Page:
Boxing: Israel's own Foreman gets his shot at a belt

Boxing Israels own For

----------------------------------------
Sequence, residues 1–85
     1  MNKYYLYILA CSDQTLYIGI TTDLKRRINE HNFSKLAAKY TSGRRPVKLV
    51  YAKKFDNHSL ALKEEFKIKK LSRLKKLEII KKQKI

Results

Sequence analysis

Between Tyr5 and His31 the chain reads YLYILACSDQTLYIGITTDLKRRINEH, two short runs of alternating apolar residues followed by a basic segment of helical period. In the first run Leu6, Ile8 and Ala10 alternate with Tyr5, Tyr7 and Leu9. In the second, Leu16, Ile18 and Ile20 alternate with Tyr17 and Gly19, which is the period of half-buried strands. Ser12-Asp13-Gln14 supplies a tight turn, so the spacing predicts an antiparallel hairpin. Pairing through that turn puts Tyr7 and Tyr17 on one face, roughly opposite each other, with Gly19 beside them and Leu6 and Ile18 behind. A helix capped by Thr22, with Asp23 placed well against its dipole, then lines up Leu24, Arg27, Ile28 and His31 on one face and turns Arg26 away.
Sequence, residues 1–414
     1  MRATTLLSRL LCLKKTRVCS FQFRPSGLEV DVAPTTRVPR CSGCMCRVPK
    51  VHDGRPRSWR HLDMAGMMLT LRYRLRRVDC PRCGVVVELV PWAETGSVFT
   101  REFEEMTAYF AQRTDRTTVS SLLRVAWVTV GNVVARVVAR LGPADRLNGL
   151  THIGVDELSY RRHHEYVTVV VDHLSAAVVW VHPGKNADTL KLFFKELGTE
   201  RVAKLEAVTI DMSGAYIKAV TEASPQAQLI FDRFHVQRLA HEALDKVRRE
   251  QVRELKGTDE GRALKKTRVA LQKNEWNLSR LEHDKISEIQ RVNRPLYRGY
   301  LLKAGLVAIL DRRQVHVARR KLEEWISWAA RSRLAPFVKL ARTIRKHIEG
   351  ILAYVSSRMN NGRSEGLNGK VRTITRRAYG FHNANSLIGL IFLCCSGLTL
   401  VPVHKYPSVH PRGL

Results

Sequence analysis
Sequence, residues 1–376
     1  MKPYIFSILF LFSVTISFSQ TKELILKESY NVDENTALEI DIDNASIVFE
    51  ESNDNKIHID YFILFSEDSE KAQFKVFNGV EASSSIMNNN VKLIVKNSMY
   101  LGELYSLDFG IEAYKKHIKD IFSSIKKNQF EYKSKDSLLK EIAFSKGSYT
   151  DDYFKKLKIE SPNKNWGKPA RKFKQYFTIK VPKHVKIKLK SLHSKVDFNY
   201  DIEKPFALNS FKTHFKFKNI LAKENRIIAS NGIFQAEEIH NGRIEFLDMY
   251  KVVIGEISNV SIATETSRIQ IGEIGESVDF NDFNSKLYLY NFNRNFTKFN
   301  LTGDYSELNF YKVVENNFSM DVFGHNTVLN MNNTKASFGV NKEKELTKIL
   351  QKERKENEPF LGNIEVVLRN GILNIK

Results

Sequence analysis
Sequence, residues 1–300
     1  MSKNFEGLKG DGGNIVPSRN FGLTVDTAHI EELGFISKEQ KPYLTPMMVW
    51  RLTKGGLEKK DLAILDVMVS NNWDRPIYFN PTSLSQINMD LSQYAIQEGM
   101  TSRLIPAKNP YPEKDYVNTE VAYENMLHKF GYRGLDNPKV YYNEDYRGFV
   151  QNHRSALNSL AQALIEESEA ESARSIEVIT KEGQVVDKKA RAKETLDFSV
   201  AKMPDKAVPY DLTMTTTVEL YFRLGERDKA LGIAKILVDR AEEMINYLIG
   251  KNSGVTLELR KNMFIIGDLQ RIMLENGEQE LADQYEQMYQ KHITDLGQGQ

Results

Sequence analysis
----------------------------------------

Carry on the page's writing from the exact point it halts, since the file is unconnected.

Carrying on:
Israeli boxer Yuri Foreman can transform himself from a relative unknown into one of the country's household names on Saturday night if he overcomes the odds and defeats three-time world champion and current WBA super welterwight champion Daniel Santos in Las Vegas. Victory in the fight at the MGM Grand would make Foreman the first Israeli pugilist to win a world title since Johar Abu-Lashin claimed the IBC Welterweight belt in 1998, an achievement the 29-year-old has described as a "childhood dream." Foreman grew up in Gomel, Belarus, but moved to Israel with his family when he was just 10 years old and settled in Haifa. He had been boxing since the age of seven, but stepped up his training in northern Israel and, after winning three national championships, moved to the US in 1999, where he turned professional. Now, with an impressive record of 27-0 with eight KOs, he has the chance to prove his worth as he fights on the undercard of the massive Manny Pacquiao-Miguel Cotto matchup. Even though he has lived in America for longer than lived in Israel, Foreman has stayed true to his roots. "It's a great honor for me to represent Israel, even more so knowing that I will be the first Israeli fighting for a world title. And to become the first world Jewish boxing champion in over 20 years - that would be a childhood dream come true," he told the Web site Santos, managed by boxing legend Don King, is a clear favorite for Saturday's fight. The 34-year-old Puerto Rican is far more experienced, having previous held the WBO super welterweight championship, and is confident of beating Foreman this weekend. "I want to shine on the big stage," Santos said. "Saturday night is my chance to fulfill the truly great promise of my boxing career." Despite turning 78 this year, King has lost none of the famous exuberance he displayed in a trip to Israel last October, saying Santos his God on his side. "Daniel will be the first to tell you that God has blessed him with the ability to box," King said. "Danny just needs to put it all together right here, right now. Opportunities await him if he can answer the call of greatness, and he has an appointment on Saturday in Las Vegas." Foreman, however, would be quick to profess his own spiritual connection. After being raised totally secular both in the former Soviet Union and in Israel, he found his own religious path while living in New York and is now training to become a rabbi at the same time as training for a world title bout. He explained this unlikely set of circumstances in an interview with The Forward, saying: "When I started to get closer to Judaism, my rabbi, Rabbi Dov Ber Pinson, about five years ago, offered me to join the rabbinical program. And I jumped at the opportunity. When I was growing up in Israel as a Russian immigrant, nobody ever invited me for Shabbat dinner. I didn't learn much about Judaism. And I know there are a lot of Russian kids in Israel who need somebody, who I can advise. "I think that when I become a rabbi I could go back and get a few people closer to the Jewish faith." Foreman has never beaten a left-handed fighter, a factor which many analysts have claimed will work against him on Saturday. The Israeli understands it will be difficult, but knows he has a chance to make history. "He is a southpaw, a great fighter and he is a world champion but I mainly concentrate on my own game and don't pay too much attention to his. I'm confident in my own ability and believe that can get me through the fight," he said Foreman's fight is the start of a big three weeks for Jewish boxing. On December 5, Ukranian-born American Dmitriy Salita takes on Britain's Amir Khan for the WBA light-welterweight crown in Newcastle, England. Like Foreman, Salita is an immigrant from the Soviet Union who has become religious since moving to the United States. Last month he turned up for a press conference with Khan dressed in Haredi garb of black suit, white shirt and black yarmulke.